Product prices are simply how much you can buy an item from suppliers for and still make some sort of profit. If you were to spend $1 on a candy bar and resell it for $2, that would give you a 100% markup. If you spent $10 on ten candy bars and sold them all for $20, that would give you a 200% markup. Obviously, higher profit margins mean more money overall; however, high-profit margins also mean more competition from other sellers looking to make their own profits.
It’s up to you whether or not that extra competition is worth it or not! If after doing your research you find out that people aren’t willing to pay high enough prices for products in order for them to be profitable (or they’re willing but don’t have enough disposable income), then perhaps vending machines aren’t right for your business.
What do I need to get started?
Before you buy anything, make sure you have everything you need. You will need A certain amount of startup capital. At least $2,000. Make sure it’s in cash because many banks won’t give you a loan to start up a business unless it is your full-time job (if they do, they charge high-interest rates). The lower your overhead costs are now, the more likely it is that your company will succeed.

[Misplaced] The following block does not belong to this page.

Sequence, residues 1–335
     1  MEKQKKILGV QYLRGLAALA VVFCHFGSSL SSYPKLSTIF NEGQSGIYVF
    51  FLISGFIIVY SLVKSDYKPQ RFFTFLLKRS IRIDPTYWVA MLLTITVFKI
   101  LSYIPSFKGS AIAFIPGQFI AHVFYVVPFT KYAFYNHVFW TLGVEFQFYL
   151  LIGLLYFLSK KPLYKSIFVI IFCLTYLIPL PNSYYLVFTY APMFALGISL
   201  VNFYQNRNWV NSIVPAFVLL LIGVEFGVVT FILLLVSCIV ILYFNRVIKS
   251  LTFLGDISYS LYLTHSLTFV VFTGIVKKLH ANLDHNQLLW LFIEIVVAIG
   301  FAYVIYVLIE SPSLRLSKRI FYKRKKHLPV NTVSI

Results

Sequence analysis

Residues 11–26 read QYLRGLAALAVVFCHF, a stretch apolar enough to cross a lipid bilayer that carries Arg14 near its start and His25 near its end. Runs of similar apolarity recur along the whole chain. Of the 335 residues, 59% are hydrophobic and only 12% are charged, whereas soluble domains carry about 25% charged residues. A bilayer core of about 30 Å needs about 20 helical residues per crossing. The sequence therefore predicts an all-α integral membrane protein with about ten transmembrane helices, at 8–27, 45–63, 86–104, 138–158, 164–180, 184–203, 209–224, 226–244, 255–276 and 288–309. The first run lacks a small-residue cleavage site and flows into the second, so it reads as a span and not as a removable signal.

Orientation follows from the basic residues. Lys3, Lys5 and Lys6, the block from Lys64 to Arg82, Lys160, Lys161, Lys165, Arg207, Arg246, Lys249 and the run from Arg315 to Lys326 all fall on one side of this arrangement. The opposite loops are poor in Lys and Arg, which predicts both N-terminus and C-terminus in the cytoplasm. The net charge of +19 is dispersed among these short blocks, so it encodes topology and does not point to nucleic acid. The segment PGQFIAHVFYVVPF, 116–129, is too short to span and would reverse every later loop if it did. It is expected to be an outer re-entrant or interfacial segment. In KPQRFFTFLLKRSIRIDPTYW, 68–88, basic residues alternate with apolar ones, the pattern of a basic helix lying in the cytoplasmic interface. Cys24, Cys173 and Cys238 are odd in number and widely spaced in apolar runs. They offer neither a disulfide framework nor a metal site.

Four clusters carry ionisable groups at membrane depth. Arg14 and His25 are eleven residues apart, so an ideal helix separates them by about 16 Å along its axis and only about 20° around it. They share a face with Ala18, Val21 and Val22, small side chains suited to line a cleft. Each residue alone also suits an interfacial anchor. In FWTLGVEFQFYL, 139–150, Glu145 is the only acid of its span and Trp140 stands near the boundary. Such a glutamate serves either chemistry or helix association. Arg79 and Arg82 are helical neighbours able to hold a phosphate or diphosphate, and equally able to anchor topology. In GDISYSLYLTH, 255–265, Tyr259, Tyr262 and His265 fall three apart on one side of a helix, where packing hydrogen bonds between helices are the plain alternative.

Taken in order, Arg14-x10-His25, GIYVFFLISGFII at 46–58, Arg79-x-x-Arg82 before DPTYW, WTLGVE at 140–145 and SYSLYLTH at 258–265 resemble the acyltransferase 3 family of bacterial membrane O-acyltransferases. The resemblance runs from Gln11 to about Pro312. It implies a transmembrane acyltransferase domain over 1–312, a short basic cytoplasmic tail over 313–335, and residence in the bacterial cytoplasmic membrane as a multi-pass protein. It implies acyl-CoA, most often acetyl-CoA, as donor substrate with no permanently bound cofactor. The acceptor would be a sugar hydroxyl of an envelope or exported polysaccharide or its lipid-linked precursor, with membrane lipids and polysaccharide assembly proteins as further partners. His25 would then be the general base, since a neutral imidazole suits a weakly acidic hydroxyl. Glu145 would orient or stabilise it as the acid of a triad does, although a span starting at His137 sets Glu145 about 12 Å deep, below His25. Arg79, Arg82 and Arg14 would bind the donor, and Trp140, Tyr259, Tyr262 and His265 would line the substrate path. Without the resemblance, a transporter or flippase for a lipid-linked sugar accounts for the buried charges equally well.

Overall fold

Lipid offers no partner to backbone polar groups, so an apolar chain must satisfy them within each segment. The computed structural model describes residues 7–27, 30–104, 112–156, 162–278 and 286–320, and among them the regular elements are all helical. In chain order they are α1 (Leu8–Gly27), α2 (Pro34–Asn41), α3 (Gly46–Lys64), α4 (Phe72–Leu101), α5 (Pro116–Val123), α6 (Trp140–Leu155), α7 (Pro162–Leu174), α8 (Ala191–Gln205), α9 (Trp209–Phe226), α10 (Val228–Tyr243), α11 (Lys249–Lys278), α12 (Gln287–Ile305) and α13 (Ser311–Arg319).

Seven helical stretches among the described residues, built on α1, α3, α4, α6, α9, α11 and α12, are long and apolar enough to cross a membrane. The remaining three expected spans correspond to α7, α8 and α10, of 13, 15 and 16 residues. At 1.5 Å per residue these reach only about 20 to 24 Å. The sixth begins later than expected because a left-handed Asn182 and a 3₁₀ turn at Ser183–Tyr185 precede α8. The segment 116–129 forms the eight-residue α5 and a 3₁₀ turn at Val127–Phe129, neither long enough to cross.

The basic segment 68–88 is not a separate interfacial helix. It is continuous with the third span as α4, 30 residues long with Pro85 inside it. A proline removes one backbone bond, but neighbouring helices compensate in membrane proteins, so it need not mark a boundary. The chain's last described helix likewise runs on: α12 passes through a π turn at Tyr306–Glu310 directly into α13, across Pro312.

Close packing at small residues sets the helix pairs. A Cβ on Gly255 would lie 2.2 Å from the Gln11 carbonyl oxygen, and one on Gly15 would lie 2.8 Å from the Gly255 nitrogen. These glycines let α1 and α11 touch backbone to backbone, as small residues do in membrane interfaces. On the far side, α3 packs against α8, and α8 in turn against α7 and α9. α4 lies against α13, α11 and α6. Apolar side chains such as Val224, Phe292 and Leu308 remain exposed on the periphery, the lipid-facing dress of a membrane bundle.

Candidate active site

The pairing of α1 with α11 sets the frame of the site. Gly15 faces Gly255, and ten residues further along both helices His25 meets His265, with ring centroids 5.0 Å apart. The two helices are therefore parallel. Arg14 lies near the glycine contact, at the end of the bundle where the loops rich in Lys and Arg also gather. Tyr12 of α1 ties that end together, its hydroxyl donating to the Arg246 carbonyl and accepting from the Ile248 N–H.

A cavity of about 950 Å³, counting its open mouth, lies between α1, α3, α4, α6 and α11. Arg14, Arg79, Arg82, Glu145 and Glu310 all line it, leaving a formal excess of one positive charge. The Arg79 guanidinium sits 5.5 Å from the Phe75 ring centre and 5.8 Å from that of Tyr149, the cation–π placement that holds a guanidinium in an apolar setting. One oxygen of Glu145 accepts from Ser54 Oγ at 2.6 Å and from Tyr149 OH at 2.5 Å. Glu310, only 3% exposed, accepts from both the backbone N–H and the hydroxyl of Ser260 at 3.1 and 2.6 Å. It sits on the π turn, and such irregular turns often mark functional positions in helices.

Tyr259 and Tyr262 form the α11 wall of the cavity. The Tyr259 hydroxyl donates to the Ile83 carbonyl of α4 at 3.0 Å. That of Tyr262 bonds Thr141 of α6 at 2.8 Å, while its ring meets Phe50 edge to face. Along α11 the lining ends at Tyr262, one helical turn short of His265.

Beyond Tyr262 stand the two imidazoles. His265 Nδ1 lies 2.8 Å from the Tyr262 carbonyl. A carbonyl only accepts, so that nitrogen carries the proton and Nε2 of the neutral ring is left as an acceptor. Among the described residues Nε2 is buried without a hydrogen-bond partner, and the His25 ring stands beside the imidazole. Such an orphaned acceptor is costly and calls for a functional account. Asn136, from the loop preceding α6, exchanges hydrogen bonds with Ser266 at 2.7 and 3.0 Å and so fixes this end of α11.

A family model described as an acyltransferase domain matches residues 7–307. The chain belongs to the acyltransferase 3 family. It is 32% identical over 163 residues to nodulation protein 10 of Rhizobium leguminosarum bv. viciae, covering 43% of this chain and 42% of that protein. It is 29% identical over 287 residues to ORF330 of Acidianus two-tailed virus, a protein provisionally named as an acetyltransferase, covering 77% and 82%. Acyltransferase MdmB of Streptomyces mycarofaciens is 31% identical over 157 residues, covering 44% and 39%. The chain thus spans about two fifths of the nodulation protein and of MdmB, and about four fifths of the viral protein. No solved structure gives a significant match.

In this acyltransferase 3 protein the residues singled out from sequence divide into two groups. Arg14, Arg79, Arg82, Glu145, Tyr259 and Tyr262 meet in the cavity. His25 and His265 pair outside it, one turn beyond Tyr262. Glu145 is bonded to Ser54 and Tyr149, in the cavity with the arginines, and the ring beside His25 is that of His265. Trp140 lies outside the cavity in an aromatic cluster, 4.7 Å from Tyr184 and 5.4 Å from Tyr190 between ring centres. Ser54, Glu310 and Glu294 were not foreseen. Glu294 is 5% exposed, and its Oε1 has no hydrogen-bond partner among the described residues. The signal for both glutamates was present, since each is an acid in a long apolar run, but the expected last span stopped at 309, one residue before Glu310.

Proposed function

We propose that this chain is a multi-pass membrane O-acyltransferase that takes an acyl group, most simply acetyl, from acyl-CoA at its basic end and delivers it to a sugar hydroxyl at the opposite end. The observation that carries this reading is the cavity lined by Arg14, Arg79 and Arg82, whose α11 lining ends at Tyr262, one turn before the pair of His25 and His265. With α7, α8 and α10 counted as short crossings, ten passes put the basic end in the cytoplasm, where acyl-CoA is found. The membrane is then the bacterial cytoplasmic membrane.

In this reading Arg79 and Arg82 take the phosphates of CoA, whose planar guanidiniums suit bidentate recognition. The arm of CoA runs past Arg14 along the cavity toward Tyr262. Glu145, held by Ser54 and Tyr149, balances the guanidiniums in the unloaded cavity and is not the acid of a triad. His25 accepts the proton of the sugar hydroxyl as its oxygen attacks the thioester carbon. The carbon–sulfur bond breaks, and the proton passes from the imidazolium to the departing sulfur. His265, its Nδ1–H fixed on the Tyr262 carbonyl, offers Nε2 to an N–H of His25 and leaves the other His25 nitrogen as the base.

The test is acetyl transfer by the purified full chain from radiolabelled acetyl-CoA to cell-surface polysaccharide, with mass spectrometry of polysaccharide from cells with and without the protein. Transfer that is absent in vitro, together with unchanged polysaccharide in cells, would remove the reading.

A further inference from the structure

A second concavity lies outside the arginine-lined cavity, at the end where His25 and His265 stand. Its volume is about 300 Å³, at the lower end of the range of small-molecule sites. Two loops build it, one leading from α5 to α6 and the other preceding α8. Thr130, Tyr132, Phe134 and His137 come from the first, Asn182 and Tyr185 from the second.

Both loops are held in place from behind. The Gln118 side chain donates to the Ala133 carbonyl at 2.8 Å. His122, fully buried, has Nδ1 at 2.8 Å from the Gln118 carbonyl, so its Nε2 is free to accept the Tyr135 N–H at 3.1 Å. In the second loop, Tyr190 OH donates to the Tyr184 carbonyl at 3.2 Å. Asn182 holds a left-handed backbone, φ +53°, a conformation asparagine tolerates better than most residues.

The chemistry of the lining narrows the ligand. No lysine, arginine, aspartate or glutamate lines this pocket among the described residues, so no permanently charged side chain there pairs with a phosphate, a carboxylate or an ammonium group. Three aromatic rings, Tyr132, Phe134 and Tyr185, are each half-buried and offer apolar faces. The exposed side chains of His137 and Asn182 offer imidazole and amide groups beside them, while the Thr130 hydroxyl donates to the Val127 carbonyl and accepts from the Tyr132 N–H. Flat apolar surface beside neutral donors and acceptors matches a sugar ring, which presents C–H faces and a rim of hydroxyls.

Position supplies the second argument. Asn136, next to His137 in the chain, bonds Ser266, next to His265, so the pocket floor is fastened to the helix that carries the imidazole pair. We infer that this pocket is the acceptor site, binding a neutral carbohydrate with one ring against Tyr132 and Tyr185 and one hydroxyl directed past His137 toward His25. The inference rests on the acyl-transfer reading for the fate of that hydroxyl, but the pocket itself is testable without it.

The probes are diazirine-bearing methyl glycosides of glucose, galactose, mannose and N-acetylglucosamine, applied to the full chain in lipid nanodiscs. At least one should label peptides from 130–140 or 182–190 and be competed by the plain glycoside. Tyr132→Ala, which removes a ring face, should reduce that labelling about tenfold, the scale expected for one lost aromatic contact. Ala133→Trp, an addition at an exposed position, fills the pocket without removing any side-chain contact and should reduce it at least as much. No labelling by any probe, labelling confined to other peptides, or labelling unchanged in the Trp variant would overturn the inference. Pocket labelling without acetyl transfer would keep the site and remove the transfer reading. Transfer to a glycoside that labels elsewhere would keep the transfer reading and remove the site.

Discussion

The time needed for permitting and licenses varies depending on where you are located but can be anywhere from three months to never (it’s pretty lenient in some places). We recommend applying for all required permits right away so that you have plenty of time to get them completed before your grand opening.
Manage Yourself. Not Your Machines.
If you’re going to start a vending machine business, you’ll first need to know how many machines will be enough for your business. If you begin with too few machines and don’t meet sales targets, then obviously it will be impossible for you to make money from your investment. At first glance, 100 seems like an overkill number of machines because if all of them are full then there won’t be any room for more sales.